Bernie Sanders, why does your campaign need dark money Our Revolution

Sen. Bernie Sanders, I-Vt., campaigns for the Democratic presidential nomination on Feb. 02, 2020, in Cedar Rapids, Iowa.

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Ten years ago, when the Supreme Court struck down a bipartisan campaign finance law and opened up the spigots for political giving, experts predicted what this would mean. Corporations would become important brokers by using their new powers to spread money around. And Republicans would be the big beneficiaries.

In reality, the biggest legacy of the Citizens United ruling has been so-called dark money — money raised by independent groups from unknown donors spent on behalf of a candidate, multiple candidates, a party or cause. 

And the biggest user of this dark money — at least until this fall when President Donald Trump is expected to release a torrent of it — has been Democrats. In the 2018 midterm elections, dark money groups spent about $150 million. Liberal groups accounted for 54% of that, and much of it from a single organization called Majority Forward.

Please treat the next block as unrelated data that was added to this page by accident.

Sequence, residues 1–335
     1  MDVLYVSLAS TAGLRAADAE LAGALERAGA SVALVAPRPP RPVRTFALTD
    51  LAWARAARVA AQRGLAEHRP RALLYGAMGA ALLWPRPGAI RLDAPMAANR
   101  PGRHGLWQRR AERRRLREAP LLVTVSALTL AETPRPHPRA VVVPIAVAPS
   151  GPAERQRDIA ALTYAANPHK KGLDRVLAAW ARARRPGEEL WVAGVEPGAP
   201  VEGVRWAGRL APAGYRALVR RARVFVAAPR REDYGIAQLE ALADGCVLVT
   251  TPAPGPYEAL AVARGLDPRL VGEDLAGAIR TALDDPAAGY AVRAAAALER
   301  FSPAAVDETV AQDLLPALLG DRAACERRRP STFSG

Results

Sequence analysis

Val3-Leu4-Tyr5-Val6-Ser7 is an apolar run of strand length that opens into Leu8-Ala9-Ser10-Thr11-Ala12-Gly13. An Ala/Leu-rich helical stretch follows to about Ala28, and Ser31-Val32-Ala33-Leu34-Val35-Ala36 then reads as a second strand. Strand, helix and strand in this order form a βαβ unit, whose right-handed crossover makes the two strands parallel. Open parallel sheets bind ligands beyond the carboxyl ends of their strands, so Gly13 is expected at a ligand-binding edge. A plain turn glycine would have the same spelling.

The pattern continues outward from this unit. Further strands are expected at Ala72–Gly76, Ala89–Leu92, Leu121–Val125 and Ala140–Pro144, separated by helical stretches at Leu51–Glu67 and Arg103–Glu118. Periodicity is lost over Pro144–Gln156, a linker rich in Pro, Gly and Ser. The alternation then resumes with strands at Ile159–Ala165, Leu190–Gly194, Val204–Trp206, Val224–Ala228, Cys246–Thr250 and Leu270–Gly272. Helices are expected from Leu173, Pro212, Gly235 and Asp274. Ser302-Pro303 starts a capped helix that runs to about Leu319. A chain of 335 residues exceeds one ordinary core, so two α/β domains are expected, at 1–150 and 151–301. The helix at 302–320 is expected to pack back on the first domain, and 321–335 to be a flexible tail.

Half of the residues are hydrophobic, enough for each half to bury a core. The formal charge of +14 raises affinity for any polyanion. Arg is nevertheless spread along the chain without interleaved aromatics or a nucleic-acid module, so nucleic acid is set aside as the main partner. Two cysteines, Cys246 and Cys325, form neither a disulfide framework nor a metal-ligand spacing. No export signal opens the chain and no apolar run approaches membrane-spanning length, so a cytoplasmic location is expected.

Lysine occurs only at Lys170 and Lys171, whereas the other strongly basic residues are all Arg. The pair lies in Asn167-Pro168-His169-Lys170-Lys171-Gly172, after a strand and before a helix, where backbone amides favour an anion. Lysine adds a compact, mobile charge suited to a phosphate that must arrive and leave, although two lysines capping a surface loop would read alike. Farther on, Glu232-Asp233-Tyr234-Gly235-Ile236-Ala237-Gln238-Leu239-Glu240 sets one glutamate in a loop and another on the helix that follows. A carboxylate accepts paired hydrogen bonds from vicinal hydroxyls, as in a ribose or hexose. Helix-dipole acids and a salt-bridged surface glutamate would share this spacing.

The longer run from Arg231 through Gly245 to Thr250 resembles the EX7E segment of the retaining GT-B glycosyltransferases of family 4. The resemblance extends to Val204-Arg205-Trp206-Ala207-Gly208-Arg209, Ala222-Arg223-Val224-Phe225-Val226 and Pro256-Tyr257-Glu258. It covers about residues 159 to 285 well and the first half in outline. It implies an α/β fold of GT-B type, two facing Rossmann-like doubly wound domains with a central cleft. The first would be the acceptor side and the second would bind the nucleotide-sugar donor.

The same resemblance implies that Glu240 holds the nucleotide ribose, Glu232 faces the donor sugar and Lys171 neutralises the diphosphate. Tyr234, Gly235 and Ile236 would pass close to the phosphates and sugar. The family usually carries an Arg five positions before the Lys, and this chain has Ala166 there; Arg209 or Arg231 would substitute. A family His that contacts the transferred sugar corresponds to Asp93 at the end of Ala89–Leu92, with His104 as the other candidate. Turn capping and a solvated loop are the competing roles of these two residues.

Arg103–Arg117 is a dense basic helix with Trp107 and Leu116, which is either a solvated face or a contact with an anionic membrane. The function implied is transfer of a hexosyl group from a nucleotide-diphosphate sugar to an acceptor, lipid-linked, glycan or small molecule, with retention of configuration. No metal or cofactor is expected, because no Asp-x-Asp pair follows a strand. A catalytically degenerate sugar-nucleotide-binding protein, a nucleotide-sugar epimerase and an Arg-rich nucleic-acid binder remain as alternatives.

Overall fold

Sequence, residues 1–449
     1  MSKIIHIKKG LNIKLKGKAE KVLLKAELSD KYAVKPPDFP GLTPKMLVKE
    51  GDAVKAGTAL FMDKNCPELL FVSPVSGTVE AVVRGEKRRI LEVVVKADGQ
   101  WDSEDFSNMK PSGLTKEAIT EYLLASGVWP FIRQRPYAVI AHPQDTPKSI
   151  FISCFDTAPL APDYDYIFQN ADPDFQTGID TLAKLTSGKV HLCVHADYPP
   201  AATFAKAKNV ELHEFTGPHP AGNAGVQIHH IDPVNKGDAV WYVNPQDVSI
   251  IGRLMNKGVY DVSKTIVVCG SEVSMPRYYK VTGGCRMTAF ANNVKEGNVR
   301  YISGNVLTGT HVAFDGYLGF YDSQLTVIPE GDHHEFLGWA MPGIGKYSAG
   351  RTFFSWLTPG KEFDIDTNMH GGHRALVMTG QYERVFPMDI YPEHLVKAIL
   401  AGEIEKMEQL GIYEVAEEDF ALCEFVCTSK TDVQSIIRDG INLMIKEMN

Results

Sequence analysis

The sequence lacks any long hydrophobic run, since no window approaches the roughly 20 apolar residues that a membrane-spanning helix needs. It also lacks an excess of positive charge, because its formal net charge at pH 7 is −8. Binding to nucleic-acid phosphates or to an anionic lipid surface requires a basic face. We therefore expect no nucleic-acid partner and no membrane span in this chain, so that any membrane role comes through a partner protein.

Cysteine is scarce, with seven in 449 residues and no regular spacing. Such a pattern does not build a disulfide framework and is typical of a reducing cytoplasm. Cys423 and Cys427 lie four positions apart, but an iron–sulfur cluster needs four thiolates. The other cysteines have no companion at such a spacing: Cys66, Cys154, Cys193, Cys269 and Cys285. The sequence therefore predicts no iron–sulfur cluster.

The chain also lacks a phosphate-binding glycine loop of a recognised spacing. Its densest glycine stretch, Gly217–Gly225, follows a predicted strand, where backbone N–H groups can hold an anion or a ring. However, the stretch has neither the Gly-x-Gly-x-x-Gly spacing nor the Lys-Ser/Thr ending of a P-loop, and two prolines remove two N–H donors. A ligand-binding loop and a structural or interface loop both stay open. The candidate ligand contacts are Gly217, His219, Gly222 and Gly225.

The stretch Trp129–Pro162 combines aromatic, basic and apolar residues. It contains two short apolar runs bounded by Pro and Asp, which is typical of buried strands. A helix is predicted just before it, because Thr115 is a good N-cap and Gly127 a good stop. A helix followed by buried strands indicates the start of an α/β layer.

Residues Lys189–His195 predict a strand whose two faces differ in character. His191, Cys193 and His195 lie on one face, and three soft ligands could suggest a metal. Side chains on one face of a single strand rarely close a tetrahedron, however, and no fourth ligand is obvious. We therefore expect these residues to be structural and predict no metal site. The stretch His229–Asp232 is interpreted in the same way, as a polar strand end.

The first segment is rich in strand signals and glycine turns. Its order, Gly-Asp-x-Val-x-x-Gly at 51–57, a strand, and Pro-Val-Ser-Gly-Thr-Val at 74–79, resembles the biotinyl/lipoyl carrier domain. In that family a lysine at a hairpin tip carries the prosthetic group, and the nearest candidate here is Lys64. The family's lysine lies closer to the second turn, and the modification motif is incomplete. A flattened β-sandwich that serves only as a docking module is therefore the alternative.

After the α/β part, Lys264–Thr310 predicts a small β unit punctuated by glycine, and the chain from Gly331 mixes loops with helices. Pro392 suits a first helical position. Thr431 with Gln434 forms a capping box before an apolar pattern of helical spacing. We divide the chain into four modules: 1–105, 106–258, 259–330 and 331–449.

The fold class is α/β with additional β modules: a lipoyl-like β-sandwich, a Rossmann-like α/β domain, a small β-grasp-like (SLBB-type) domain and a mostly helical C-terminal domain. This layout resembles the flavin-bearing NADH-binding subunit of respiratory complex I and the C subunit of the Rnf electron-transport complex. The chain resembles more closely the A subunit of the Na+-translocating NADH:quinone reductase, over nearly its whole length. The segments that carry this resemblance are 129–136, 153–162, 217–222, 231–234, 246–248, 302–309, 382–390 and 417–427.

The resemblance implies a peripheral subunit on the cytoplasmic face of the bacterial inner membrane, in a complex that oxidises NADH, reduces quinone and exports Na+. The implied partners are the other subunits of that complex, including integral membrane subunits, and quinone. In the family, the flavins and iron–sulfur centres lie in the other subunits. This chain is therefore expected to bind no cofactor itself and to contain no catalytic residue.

Sanders founded Our Revolution

This year brings a new chapter in the story. Sen. Bernie Sanders, I-Vt., has created, and is the beneficiary of, a new kind of dark money group called Our Revolution.

Sen. Bernie Sanders, I-Vt., campaigns for the Democratic presidential nomination on Feb. 02, 2020, in Cedar Rapids, Iowa.

OUR REVOLUTION:Our mission is much more than electing Bernie Sanders

What makes Our Revolution different is that it is designed to advance Sanders’ cause against other Democrats in the primaries, rather than against a Republican in a general election. It’s one thing to say you have to play the dark money game because the other side surely will. It is quite another to be first off the mark in bringing its corrosive powers into a new area.

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